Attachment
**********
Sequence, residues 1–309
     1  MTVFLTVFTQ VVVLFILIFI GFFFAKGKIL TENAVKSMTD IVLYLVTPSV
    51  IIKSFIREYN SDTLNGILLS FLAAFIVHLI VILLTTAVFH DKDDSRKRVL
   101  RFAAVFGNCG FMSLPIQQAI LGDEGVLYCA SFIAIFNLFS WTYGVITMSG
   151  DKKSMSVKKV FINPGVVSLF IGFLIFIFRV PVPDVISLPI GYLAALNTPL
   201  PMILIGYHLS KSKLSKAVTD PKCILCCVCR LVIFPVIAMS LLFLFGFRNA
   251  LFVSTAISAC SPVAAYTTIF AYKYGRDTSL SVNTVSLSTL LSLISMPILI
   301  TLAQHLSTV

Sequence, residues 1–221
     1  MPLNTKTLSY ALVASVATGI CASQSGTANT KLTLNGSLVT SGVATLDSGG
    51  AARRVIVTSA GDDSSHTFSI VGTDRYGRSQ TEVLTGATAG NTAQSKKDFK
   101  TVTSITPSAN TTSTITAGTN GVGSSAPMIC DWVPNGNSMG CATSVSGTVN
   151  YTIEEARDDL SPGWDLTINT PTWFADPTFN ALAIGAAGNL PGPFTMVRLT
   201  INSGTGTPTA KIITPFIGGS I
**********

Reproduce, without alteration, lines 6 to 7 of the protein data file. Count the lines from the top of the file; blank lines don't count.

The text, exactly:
   201  PMILIGYHLS KSKLSKAVTD PKCILCCVCR LVIFPVIAMS LLFLFGFRNA
   251  LFVSTAISAC SPVAAYTTIF AYKYGRDTSL SVNTVSLSTL LSLISMPILI